"All States Should Offer One-Year Supplies of Birth Control," Chris Sosa, Care2: Oregon Gov. Kate Brown (D) has signed a bill (HB 3343) "allowing birth control to be dispensed in [a] full-year supply instead of 30 or 90-day packs," Sosa writes. He explains that 12-month supplies would give women who do not have "local access or [whose] work or family schedules preclude them from being able to easily travel to a pharmacy for their prescriptions on a monthly basis ... much-needed freedom in their already-full schedules." Further, he cites research "from the Institute of Medicine that shows access to birth control limits infant and maternal fatalities" and adds that contraception "is also used to treat a host of medical conditions, including Polycystic Ovary Syndrome, Premenstrual Syndrome (PMS) and amenorrhea." Sosa praises Oregon's "positive example," noting that the state also is considering another bill (HB 2879) that would "remove the requirement for doctor visits to access birth control altogether" by authorizing pharmacists "to prescribe birth control themselves." Sosa writes, "It's absolutely critical that women are able to access birth control without barriers, which are political in nature and medically unnecessary" (Sosa, Care2, 6/21).

June 5, 2015

FEATURED BLOG

"Women Are Being Forced To Wait Longer and Longer To Get an Abortion," Tara Culp-Ressler, Center for American Progress' "ThinkProgress": "Among the new abortion restrictions being imposed by [conservative] legislatures this session, a clear trend is emerging: New laws that significantly lengthen the period that women must wait before they're allowed to proceed with an abortion," Culp-Ressler writes. She notes that "[d]ozens of states have already enacted" 24-hour mandatory delays, "but now, lawmakers in several states are working to make the requirement even more stringent, lengthening their [mandatory delays] to force patients to wait multiple days." According to Culp-Ressler, state legislators in Arkansas, Oklahoma, Missouri, North Carolina, South Dakota, Tennessee and Utah all have moved to impose mandatory delay periods longer than 24 hours. Culp-Ressler quotes Elizabeth Nash, senior state issues associate at the Guttmacher Institute, who said states are extending mandatory delays because they implemented "a record-breaking number of abortion restrictions" last year and now are trying "'to make them more burdensome'" (Culp-Ressler, "ThinkProgress," Center for American Progress, 6/4).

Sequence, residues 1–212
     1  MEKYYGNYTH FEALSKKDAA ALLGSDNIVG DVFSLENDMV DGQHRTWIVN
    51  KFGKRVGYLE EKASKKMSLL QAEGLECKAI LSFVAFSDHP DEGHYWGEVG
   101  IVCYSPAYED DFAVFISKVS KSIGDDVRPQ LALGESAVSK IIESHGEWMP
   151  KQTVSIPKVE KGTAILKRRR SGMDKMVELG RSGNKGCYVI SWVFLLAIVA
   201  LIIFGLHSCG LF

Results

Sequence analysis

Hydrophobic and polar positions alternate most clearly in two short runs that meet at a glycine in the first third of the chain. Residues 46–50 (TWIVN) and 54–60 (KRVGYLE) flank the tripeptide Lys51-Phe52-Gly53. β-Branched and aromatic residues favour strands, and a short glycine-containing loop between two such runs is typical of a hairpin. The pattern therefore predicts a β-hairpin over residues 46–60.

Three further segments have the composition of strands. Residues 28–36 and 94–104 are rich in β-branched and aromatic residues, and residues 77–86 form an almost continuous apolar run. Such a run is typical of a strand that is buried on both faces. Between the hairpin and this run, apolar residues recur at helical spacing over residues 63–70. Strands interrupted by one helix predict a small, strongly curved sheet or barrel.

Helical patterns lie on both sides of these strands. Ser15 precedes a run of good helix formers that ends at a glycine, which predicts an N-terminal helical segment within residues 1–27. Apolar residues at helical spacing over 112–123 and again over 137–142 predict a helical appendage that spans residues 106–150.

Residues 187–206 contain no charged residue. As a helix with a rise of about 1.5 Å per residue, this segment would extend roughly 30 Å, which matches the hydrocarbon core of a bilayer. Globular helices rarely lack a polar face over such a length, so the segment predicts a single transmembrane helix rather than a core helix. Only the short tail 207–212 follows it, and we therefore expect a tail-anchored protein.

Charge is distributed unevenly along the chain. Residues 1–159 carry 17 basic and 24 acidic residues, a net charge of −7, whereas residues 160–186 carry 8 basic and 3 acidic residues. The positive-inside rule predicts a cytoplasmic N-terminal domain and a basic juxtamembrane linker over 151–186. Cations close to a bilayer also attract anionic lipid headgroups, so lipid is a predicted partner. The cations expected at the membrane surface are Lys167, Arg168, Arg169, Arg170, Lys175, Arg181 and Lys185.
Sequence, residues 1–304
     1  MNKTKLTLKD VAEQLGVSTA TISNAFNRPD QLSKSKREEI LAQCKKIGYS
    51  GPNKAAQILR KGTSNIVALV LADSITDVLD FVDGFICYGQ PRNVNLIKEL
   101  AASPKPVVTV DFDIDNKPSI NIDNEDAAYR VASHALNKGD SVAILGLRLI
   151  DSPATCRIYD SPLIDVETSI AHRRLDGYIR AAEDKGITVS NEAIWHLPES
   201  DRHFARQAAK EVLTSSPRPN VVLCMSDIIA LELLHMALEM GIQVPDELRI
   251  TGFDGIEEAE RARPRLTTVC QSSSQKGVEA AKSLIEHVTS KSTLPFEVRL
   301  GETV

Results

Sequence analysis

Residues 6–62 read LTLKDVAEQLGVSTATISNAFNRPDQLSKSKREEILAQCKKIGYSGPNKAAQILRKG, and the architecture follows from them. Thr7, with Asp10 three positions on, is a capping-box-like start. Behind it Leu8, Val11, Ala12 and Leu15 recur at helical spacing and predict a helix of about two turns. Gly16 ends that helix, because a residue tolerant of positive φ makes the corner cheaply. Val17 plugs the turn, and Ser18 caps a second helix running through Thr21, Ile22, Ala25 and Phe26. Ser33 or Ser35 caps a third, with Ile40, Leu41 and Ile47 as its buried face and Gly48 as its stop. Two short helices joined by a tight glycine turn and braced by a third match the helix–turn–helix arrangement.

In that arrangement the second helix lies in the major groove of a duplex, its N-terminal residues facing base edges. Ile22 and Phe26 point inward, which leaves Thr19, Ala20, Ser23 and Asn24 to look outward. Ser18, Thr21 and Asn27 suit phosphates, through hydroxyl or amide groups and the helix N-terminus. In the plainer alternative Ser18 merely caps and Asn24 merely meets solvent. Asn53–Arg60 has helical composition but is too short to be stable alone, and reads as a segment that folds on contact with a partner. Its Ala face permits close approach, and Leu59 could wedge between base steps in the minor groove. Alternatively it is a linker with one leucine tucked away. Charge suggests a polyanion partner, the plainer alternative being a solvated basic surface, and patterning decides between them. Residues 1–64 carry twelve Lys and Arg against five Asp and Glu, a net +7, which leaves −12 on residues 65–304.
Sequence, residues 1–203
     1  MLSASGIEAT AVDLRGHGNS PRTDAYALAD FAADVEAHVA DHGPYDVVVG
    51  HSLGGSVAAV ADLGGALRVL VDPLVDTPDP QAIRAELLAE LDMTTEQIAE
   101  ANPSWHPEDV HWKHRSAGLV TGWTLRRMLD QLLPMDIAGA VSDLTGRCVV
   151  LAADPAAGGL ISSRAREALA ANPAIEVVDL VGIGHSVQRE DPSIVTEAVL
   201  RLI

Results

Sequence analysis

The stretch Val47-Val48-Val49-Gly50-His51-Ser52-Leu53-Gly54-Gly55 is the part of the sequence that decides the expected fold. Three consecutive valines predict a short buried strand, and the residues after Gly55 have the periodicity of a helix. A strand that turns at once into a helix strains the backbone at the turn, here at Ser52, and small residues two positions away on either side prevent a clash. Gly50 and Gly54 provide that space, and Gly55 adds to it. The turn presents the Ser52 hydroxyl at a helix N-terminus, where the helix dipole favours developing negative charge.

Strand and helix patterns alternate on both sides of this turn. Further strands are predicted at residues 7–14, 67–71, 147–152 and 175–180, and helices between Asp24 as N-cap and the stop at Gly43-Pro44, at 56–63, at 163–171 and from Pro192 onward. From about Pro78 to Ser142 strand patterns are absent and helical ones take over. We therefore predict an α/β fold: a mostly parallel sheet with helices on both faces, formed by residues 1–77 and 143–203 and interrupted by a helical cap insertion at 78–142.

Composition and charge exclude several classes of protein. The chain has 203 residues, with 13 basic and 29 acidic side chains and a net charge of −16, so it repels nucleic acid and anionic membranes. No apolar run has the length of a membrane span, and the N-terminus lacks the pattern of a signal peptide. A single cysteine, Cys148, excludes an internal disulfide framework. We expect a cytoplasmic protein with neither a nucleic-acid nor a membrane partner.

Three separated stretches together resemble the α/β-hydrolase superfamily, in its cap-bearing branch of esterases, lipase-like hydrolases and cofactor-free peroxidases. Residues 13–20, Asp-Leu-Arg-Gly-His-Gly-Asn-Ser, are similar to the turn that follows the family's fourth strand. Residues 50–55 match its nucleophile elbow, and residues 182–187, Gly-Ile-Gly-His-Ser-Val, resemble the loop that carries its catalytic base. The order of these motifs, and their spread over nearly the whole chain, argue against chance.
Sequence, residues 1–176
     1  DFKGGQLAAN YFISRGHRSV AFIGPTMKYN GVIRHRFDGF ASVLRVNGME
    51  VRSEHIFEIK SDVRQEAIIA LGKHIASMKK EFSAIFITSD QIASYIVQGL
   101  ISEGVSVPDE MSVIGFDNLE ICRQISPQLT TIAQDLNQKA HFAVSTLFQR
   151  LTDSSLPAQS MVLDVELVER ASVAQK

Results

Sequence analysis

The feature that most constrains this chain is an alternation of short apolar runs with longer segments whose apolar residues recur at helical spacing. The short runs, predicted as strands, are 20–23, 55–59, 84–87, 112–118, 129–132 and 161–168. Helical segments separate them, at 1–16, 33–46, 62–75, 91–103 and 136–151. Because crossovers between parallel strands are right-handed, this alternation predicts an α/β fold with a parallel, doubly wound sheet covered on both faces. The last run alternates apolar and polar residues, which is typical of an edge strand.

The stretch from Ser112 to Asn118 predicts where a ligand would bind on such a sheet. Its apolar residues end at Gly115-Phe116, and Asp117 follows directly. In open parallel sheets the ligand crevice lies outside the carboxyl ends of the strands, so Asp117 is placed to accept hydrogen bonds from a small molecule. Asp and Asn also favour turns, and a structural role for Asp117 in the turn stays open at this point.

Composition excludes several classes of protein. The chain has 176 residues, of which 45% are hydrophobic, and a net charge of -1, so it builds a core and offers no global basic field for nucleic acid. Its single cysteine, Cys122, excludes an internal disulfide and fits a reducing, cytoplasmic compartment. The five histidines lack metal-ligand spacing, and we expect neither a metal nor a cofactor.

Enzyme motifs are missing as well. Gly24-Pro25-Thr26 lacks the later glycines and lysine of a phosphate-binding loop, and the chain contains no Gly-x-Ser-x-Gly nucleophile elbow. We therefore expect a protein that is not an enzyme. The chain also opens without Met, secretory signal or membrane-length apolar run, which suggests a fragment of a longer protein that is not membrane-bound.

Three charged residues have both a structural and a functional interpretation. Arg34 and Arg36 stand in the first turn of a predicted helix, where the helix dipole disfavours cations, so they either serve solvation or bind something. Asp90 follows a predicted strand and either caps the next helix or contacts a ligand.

What others are saying about abortion restrictions:

~ "Doctors Challenge Unscientific Abortion Laws That Force Them To Practice Bad Medicine," Culp-Ressler, Center for American Progress' "ThinkProgress."

~ "Why Is Arizona Forcing Doctors To Lie to Women Who Need Abortions?" Andrew Beck, American Civil Liberties Union's "Speak Freely."

June 2, 2015

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"Ninth Circuit Court Strikes Another 20-Week Abortion Ban," Jessica Mason Pieklo, RH Reality Check: "[M]arking the latest legal defeat for radical state-level abortion bans," the 9th U.S. Circuit Court of Appeals on Friday struck down an Idaho law "banning abortions at 20 weeks post-fertilization," Mason Pieklo writes. According to Mason Pieklo, the case involves a woman, Jennie Linn McCormack, "who was charged in 2011 under the state's 'unlawful abortion' statute, a law that required all second-trimester abortions occur in a licensed hospital." Mason Pieklo explains that the 9th Circuit in September 2012 ruled that both the "unlawful abortion statute" and the 20-week abortion ban were unconstitutional but held that McCormack lacked the standing to challenge the 20-week ban because it "had not been in effect when [she] terminated her pregnancy." However, "Dr. Richard Hearn, an abortion provider and McCormack's attorney, intervened to challenge Idaho's 20-week ban on behalf of himself and future patients," which "gave the court the opportunity to affirm its September 2012 ruling that Idaho's 20-week ban is unconstitutional because it bans abortions prior to fetal viability," Mason Pieklo writes. According to Mason Pieklo, the "decision comes at an important time politically for abortion rights" because, while courts have ruled that "pre-viability bans like Idaho's are unequivocally unconstitutional, [conservative] state legislatures this year have introduced 19 laws banning abortion at or after 20 weeks" (Mason Pieklo, RH Reality Check, 5/29).